A word of mouth with the 934 AW's dental component

  • Published
  • By Staff Sgt. Timothy Leddick
  • 934th Airlift Wing Public Affairs

Dentistry is a routine checkup that we are all familiar with, but many may not know how the practice might translate in the Air Force capacity.

However, dental professionals are integral to the medical readiness process of our Airmen.

The 934th Aeromedical Staging Squadron dental component is composed of almost 10 dentists and dental assistants who all work closely together in order to manage and maintain medical readiness across the 934th Airlift Wing. The dentists work directly with the patient during oral exams to ensure they are deployment ready and to focus on conditions that may affect that readiness.

“The Air Force defines that as ‘any condition that could potentially result in an emergency within the next 12 months’ based on our judgment,” said Maj. Daniel Dahl, a 934 ASTS general dentist. “Large cavities, signs of infection, if you have a molar that’s been treated with a root canal – anything that could potentially create an emergent situation if you’re in a deployed location and don’t have good dental care available.”

Dental reservists attain the same training as dental specialists in the active service, but the workload differs within respective duty stations and service components. For reserve unit training assemblies, dental specialists dedicate one day out of the weekend to taking in patients that are due for any examinations, while the second day is for additional duties and training in order to maintain active status readiness themselves.

“When we’re on active status at a military treatment facility we would be performing dental treatments as well as exams,” said Dahl. “You would do a dental readiness classification every exam and you also create a treatment plan before executing that treatment for patients and members.”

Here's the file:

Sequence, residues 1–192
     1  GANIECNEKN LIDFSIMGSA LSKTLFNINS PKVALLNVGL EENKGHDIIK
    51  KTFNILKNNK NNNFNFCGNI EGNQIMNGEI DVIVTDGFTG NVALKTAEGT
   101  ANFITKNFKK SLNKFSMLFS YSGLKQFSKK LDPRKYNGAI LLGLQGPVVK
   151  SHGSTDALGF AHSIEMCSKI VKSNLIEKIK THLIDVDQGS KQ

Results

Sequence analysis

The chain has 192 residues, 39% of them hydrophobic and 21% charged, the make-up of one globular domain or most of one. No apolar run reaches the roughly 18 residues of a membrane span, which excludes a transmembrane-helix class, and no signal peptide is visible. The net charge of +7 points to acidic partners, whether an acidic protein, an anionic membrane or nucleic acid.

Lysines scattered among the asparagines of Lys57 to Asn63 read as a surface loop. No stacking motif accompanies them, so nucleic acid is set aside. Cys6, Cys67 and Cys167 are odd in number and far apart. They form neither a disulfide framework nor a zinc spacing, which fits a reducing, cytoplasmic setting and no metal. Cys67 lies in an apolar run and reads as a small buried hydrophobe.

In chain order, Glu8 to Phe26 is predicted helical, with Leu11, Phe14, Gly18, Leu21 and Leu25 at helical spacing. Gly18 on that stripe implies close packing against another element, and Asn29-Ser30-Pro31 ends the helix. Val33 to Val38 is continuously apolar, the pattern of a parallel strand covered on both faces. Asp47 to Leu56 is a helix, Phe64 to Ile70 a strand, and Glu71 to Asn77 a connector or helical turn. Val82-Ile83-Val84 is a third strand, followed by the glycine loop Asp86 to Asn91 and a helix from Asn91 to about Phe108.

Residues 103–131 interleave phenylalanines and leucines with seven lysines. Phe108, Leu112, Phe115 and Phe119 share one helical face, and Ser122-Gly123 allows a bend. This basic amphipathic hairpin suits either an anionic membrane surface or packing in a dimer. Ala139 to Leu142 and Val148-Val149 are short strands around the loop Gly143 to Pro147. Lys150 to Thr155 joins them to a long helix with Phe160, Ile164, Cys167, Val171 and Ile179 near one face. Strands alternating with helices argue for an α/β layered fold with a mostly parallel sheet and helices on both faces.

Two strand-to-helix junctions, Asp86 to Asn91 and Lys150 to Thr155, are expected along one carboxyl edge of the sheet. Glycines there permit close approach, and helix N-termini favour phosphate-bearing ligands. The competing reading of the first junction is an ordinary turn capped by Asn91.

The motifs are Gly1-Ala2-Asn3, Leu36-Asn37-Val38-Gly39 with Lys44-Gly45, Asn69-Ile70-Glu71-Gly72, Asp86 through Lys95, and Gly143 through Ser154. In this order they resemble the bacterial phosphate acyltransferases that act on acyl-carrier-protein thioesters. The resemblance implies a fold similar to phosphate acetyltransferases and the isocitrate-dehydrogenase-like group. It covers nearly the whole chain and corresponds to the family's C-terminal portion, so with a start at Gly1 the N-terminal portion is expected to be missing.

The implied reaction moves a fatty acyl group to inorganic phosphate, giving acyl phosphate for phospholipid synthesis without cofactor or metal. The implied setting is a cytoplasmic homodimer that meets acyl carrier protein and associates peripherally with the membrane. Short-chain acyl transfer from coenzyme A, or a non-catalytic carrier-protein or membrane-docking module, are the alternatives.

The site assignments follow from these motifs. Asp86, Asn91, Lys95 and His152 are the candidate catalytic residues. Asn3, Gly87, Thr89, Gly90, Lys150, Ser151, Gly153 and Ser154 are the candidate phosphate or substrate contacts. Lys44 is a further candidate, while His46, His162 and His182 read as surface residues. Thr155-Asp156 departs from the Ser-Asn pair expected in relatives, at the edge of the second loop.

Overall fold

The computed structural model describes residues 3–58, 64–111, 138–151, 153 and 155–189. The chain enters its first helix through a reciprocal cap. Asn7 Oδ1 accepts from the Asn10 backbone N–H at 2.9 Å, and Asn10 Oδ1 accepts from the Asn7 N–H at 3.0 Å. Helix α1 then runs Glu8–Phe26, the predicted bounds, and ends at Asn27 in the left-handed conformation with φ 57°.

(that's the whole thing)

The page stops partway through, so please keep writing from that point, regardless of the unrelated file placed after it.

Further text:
The dental component would not function to its fullest without the aid and right-hand knowledge of the dental assistants. Where dentists identify disease and perform the majority of treatments, dental assistants’ primary tasking involves the administrative processes, the preparation, serviceability and handling of tools and reversible procedures such as X-rays, cleanings, polishings and sealants.

“We want to make sure patients aren’t neglecting their dental concerns,” said Master Sgt. Angela House, the 934 ASTS dental technician and noncommissioned officer in charge. “Things that happen inside your mouth can be indicators of what’s happening in your body. Keeping your oral health up can improve your overall health.”

The most important tool within the dental office is the connections made between professionals and patients. Being able to work closely and directly with other members emphasized the camaraderie between those in service.

“The joy is the people,” said House. “You get to see everybody on base, that’s fun! Everyone has to see dental at some point, so we do get to know everybody. The biggest joy is getting to participate in those relationships.”

The dental component is an essential workforce and connection building for Air Force mission readiness.

“We’re here to make sure you get the care you need and make sure if you gotta deploy you can do it safely,” said Dahl. “We’ll make sure you don’t have something that’ll take you out of the fight.”